Even if Denver isn’t poised for a weed-driven music boom, perhaps that’s not a bad thing. And, indeed, something more gradual—and exciting—may be in the making. As of early May, the state had collected more than $25 million in marijuana taxes and fees in 2014. If the economy gets a boost, more people will have more money to pay for more concert tickets. (Corinne Henahan, the publicist for an Ohio band called Ekoostik Hookah, tells me the band’s Colorado fan base has recently grown, which she attributes to the new pot law—because, you know, the band’s name is Ekoostik Hookah.) And if more people go to more concerts, that means more venues and more shows, eventually. “When you create a healthy financial environment, which is what I think is happening there, people have more money to spend on fun things,” says Karl Denson, the San Diego–based frontman for Tiny Universe, which plays regularly throughout the Centennial State.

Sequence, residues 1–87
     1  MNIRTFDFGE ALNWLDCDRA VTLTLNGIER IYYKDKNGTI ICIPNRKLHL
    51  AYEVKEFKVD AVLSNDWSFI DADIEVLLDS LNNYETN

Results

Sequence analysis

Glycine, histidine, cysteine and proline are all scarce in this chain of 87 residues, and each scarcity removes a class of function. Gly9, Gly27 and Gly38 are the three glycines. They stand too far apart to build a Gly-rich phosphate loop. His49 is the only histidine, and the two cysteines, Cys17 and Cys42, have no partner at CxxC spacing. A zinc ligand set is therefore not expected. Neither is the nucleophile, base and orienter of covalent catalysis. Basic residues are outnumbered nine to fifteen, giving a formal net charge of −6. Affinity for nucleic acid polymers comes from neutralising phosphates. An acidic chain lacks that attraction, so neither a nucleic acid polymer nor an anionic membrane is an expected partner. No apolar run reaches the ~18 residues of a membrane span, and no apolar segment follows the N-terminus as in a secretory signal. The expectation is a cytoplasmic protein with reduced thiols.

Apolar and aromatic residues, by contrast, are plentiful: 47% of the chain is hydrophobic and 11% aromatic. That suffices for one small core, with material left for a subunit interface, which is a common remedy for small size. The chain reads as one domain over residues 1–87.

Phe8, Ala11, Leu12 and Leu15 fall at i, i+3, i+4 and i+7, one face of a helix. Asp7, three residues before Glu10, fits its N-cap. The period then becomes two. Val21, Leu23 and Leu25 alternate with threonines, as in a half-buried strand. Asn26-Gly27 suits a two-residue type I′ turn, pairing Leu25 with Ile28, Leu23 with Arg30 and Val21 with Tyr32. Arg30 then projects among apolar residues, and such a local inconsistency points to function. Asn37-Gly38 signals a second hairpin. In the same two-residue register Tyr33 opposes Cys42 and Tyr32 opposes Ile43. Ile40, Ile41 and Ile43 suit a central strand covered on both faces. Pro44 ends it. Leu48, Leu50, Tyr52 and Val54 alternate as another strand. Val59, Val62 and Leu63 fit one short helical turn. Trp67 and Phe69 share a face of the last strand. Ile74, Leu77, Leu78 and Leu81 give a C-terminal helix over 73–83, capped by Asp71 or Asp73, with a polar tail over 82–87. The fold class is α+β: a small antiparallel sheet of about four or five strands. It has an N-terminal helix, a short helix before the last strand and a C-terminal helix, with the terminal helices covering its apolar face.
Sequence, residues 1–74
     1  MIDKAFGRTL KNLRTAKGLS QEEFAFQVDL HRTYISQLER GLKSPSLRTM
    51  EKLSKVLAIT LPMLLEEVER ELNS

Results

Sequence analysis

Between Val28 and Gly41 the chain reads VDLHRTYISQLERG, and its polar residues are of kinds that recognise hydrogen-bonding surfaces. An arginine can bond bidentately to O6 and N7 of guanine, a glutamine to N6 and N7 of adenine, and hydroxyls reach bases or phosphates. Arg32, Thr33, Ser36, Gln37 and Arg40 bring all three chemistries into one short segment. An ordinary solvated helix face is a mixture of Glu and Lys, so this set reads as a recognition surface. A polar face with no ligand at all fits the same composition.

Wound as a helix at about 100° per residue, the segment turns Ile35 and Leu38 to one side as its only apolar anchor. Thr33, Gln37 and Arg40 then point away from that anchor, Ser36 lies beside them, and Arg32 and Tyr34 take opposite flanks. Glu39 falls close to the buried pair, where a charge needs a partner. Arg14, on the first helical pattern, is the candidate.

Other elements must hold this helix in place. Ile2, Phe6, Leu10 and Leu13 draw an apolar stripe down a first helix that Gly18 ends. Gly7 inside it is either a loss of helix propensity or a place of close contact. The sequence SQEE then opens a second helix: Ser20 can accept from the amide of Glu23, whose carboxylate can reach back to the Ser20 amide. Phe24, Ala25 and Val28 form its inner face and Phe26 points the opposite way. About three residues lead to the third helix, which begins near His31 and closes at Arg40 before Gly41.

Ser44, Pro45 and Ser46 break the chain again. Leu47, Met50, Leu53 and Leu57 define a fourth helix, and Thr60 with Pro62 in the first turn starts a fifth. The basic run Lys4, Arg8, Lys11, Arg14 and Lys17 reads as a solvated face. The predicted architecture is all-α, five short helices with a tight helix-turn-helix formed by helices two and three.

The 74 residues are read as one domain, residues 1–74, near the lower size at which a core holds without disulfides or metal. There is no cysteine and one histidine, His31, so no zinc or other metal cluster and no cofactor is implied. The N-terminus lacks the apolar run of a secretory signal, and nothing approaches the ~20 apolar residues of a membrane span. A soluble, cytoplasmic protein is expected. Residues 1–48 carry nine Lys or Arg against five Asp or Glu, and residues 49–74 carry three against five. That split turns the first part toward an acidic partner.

Benevento is even more optimistic about this potential Colorado windfall. His wishful theory is that pot will generate so much income local businesspeople will start to open more music clubs, and those who already own them will start to spend more money. Plus, Colorado might attract more free-spirited creative entrepreneurs who would open more clubs, hire more bands, and generally contribute to the state’s utopian post-prohibition atmosphere. “Maybe club owners will be like, ‘Hey! We can totally have you come in! We can totally afford a piano and some plane tickets for you!’ ” Benevento says.

That may be a stretch, but consider this: One band recently stipulated in its concert rider that Bianchi, the owner of Quixote’s and Sancho’s, provide cannabis-infused edibles backstage. Bianchi’s response? “OK.”

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